To see an example, watch this video showing one-click provisioning for Terraform infrastructure via Torque.

Torque supports Terraform (all versions), OpenTofu, CloudFormation, Ansible, Helm, and native Kubernetes.

This support allows Torque administrators to create reusable templates for environments consisting of infrastructure and application services that are defined in various tools. For example, an environment template can include a cloud VM defined in Terraform, a storage bucket defined in CloudFormation, and a Helm application.

This eliminates the complexity of navigating the differences in tools to create an environment consisting of multiple assets.

Once created, that template can be used to provision the environment repeatedly.

While Terraform Cloud and Enterprise platforms help DevOps teams provision infrastructure defined in Terraform, Torque is a self-service developer platform for provisioning complete application environments.

Torque users don’t need to set parameters or security credentials to provision an environment. Admins can set developer-friendly names for these environments, so the user doesn’t need to know anything about the IaC modules or other tools used to define infrastructure.

As a platform engineering tool, Torque was designed to democratize the provisioning of infrastructure by normalizing it and providing a simple user interface. This removes the burden of provisioning all infrastructure from the DevOps team and allows developers to run the environments they need on demand.

Check out this blog article to learn more about the differences between Terraform Cloud and Quali Torque.

Torque integrates with CI/CD tools including Jenkins, CircleCI, and Azure DevOps.

Many of our users rely on Torque to automate the creation of environments directly within the stage of the pipeline that relies on them.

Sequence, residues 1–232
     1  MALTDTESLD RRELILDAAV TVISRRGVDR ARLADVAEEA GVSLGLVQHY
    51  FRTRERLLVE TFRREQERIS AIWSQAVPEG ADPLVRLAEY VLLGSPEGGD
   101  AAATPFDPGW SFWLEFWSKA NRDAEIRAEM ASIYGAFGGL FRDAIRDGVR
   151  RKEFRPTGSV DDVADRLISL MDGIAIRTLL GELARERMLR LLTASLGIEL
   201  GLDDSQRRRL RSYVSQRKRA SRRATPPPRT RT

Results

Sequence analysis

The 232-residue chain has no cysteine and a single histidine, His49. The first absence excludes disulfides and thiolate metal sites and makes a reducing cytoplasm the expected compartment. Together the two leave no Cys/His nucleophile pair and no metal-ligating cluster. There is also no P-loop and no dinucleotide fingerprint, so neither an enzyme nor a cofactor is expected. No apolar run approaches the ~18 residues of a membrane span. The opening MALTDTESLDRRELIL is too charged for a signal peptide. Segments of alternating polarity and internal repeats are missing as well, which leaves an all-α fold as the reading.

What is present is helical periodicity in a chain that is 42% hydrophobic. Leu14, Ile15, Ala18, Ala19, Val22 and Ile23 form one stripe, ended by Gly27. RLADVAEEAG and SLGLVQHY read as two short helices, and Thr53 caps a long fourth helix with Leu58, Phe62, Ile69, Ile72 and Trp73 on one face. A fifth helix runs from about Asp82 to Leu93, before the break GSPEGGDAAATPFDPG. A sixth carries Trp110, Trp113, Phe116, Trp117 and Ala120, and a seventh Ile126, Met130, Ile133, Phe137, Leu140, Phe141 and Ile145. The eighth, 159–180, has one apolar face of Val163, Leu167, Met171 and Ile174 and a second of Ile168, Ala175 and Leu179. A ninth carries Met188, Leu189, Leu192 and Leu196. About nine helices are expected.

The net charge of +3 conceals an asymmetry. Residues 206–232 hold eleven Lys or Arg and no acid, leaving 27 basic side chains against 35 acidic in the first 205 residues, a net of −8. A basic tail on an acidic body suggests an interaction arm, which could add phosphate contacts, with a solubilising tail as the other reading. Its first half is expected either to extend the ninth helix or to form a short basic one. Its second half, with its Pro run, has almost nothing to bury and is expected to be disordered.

Torque also monitors the configuration and operation of these environments, which allows the platform to identify errors, configuration drift, and policy violations automatically.

Torque can also automate actions for application infrastructure, such as security validations, upgrade of application components, and termination of cloud resources after a pre-set duration.

And Torque reports provide visibility into the usage and performance of application infrastructure within the pipeline so DevOps teams can understand who is using which resources at any given time and pinpoint any errors or other issues immediately.

Since Torque initiates the provisioning of infrastructure, the platform can automatically allow or deny activity.

Administrators can set policies in Torque to prohibit specific activity. Some common examples include specific cloud platforms, resources, instance sizes, or configurations (e.g. “only allow private AWS S3 buckets”).

More advanced examples include requiring approval for environments that exceed a limit on expected cloud costs, environment runtime, or concurrent environments per user or team.

When a user attempts to provision an environment that violates these policies, Torque denies the action and triggers an approval workflow for the administrator.

This approach allows DevOps and development teams to provision infrastructure freely while ensuring that none of that infrastructure violates their governance standards.

Additional Resources